Major League Baseball | St. Louis Cardinals

Is the Cardinals’ gamble on Miles Mikolas worth it?

Whenever a Major League team signs a player to a big-money contract, it’s a lot like going to the window at the race track…or at the least making a big bet on a game with a buddy.  Many deals work out.  When looking at the Cardinals signing their own players, they signed Matt Holliday to his seven-year contract, and it worked out very well for them.  Since they signed Matt Carpenter to his long-term deal during spring training in 2014, he’s finished 12th in MVP voting in 2015 and 9th last year.  He’s been an All Star in two other years, so his contract has been a good one.  Steven Piscotty signed a long-term deal after 2016, and he spent 2017 distracted by his mother’s fatal ALS diagnosis.  He was really good for Oakland last year, so while that deal won’t work out for the Cardinals it has a chance to be a very good contract.

On the flip side, Allen Craig signed his new deal in spring training of 2013, then got hurt down the stretch and again in the World Series.  He was never the same and the Cardinals traded him to Boston in 2014, never having to pay him the big money on that deal.  Craig never really performed well for Boston, but made $26.5 million in 2015-2017 and got a $1 million buyout after 2017.  The Cardinals didn’t get much out of Jaime Garcia’s four-year, $27 million deal that took him from 2012 through 2015.  He averaged just over 87 innings a year during the four seasons, and never approached the 194 2/3 innings he delivered in 2011.  The Kolten Wong deal hasn’t been a bust, but hasn’t been great.  It looked like the Carlos Martinez deal would be great, but that one is up in the air now.  Paul DeJong signed just last year, so the jury is out on his long-term deal.

That brings us to the four-year, $68 million deal the Cardinals gave Miles Mikolas on Tuesday.  Mikolas was eligible for free agency after the 2019 season, so naturally he was going to get a larger sum than players that are four or five years away from free agency.  In the big picture, I say this signing has a better chance to come down on the side of Holliday or Carpenter’s deals than Craig’s or Garcia’s.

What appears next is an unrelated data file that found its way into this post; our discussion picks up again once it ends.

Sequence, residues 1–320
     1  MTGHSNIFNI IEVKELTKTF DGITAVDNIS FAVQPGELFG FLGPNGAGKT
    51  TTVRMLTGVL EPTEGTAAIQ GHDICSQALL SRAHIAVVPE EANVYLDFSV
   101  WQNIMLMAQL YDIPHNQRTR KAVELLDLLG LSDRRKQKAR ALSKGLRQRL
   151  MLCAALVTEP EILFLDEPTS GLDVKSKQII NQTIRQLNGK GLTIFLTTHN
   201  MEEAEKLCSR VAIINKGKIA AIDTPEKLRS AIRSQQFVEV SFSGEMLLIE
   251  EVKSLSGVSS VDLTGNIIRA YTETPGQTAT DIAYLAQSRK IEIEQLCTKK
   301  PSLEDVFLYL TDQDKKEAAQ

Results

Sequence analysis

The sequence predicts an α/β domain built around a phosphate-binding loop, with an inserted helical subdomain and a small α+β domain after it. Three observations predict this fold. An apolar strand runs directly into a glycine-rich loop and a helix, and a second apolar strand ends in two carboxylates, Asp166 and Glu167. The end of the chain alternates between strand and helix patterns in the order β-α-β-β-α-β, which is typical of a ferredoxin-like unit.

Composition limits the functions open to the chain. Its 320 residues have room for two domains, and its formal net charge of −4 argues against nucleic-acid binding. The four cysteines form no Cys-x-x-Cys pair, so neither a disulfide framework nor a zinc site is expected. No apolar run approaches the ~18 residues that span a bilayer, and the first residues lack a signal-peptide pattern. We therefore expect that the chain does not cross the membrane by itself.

The Cardinals evaluated Mikolas as an impact pitcher coming back from Japan last season, giving him a two-year, $15.5 million deal.  He delivered in a big way, going 18-4 with a 2.83 ERA in 200 innings.  In 32 starts, Mikolas went at least 6 2/3 innings in fifteen of them.  He threw a first pitch strike to 468 of 808 hitters.  Those hitters hit .214 after falling behind Mikolas 0-1, with a .245 OBP and a .320 OPS.  That .565 OPS is typical of what happens after hitters fall behind 0-1, and he’s as proficient as anyone in getting first pitch strikes.

So, we know he gets ahead of hitters.  And he didn’t wear down as the season went along.  Mikolas’ best season was May, when he was 3-0 with a 1.89 ERA.  His second-best month was September, in which the 6-5, 220 pounder went 5-0 with a 2.14 and a season best .219 batting average against.  In his biggest games of the year, Mikolas was at his best.  In five September starts, he went 6 2/3 innings, then seven, five, seven and eight innings.  In those 33 2/3 innings, he walked…two.  TWO walks in five September starts.

Mikolas also displayed the personality of stalwart Cardinal starters over the last two decades.  From Pat Hentgen in 2000, to Daryl Kile, Matt Morris, Chris Carpenter and Adam Wainwright, the Cards have had a starter that’s kind of a ring leader for the rotation.  They talk baseball all the time, they watch each other’s bullpen sessions, they make suggestions to their mates, and the help the young pitchers that arrive through the system.  Mikolas fits right in with that philosophy.

Ultimately, the Cardinals kept a pitcher that was headed toward free agency.  He’s a guy that the Cardinals evaluated as a valuable piece when he was pitching in Japan.  Then he went out and delivered for them, on and off the field.

From his standpoint, Mikolas sees what free agency has been like for a pitcher like Jake Arietta last year or Dallas Keuchel this year.  And then there’s the fact that Chris Sale, Justin Verlander, Madison Bumgarner, Gerrit Cole and Rick Porcello are going to be free agents next off-season.  For the high priced pitchers, it’s going to be a buyer’s market.  Was he going to be able to get more than $17 million a year?

And from the Cardinals standpoint, they look at some of the highest paid pitchers in the game.  Zack Greinke gets $34.4 million a year from the Diamondbacks.  David Price’s tag is $31 million a year, as is Clayton Kershaw’s.  Max Scherzer is at $30 million. Is it fair to expect Mikolas to be half as good as those guys?  I think it is.  Pitchers that have similar contracts and average annual values right now include Nathan Eovaldi, Anibal Sanchez and Rich Hill.  Is it reasonable to think Mikolas can be as good…and as durable…as those pitchers?  Again, I say yes.

It’s a gamble…no doubt.  But with what we know about the Cardinals evaluation of pitchers, what he did in his first year with the club, and what the market for pitchers is, I think signing Mikolas is a gamble worth taking.